I knew Don would pick someplace unique. How could a place that bills itself as "America's most beautiful restaurant and pizzeria featuring our world famous pizza and homemade Italian, Mexican and American foods" not be unique? Especially when it's "filled with the largest collection of turn-of-the-century antiques in the United States"?
To back up, I met up with former coworkers Don M.F.H. and Tom McP for dinner two weeks ago at a place called Gulliver's. I hadn't seen Don since he left Press Publications (then subsequently moved to the East Coast) back in 1999, and I hadn't seen Tom since before I moved (all-too-briefly) to San Francisco in 2000.
Don and I have kept in contact through our blogs and an occasional email, so when he visited Chicago this time, we made sure we connected in person.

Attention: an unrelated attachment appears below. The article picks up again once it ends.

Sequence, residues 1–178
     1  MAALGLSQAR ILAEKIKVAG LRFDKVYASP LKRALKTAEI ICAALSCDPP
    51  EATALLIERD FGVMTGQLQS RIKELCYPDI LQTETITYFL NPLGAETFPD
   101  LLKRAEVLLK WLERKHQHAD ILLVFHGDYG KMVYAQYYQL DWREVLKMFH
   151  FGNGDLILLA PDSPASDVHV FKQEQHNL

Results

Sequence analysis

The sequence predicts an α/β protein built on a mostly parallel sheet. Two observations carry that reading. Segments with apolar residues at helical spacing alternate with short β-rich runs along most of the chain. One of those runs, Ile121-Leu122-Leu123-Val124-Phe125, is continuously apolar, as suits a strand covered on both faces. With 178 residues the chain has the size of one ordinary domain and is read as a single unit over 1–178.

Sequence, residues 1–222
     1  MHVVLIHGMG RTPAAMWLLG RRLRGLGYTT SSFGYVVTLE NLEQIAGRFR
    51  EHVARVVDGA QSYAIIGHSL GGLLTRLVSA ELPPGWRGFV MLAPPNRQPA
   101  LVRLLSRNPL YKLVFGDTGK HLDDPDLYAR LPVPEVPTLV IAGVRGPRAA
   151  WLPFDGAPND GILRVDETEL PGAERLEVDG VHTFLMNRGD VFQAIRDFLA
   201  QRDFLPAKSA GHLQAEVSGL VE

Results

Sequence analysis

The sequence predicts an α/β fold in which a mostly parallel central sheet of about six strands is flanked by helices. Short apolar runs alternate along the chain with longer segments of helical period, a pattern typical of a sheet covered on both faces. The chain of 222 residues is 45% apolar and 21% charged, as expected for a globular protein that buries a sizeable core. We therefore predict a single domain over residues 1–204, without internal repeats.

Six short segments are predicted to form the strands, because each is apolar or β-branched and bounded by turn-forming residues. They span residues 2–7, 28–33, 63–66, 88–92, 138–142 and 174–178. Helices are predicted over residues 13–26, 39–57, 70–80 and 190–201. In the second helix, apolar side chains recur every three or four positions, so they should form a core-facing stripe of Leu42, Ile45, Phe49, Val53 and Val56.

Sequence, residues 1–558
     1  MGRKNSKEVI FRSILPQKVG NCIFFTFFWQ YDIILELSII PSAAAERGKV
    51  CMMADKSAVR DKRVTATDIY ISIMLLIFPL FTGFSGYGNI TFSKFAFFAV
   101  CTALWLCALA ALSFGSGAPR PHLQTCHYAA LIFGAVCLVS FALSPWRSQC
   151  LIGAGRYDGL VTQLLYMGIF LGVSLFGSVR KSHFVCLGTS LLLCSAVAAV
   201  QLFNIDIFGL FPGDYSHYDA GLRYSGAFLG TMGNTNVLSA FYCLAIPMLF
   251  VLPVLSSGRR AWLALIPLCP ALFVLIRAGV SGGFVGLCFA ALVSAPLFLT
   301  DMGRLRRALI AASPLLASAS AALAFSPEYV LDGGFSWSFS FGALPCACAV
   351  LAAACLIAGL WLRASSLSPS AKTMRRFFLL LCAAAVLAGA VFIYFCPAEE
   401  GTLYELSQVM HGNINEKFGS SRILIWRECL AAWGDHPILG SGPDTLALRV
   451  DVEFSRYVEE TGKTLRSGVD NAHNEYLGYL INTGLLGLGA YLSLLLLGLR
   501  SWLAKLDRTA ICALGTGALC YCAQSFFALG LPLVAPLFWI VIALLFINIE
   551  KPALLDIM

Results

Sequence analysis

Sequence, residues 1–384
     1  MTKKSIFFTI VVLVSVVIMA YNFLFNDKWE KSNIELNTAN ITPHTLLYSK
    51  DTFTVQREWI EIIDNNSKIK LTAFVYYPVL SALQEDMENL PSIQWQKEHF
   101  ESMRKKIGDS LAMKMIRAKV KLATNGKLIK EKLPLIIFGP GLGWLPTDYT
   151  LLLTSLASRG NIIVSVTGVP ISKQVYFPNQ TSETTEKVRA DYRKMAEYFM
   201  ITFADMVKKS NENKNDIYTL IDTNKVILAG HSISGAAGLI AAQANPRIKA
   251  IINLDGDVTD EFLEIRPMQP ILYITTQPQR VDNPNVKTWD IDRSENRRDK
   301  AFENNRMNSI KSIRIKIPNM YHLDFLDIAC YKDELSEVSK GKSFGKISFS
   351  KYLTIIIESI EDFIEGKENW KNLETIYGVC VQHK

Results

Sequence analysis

Don and Tom are both confirmed urbanites, so I didn't bother pushing too hard to meet out in the suburbs. Plus, I figured this was Don's old stomping grounds, so he had to have some interesting restaurants to choose from. He didn't disappoint. Gulliver's has a really cool atmosphere, with a standout feature beings the dozens and dozens and dozens (or scores and scores and scores, if you prefer) of antique light fixtures overhead. The pizza wasn't half-bad either.
What really surprised me though, was even after all these years, Don, Tom and I had a lot to discuss, and very little of it was reminiscing about the good-old-days. (For a recap, check out Don's blog.)
When I worked at the newspaper, I saw (easily) more than 100 people come and go through the newsroom over the years. I've often wondered what those people are up to now. (See previous entries for Nick P. and Mike Siegel.) If you know me from the Press Publications days, feel free to drop me a line.
As for Don and Tom, it's been fun keeping in touch with them. And I hope that next time Don's in town, he tries to connect again. Perhaps he'll pick one of those Indian restaurants on Devon Avenue, or we could head back to the neighborhood in downtown Elmhurst.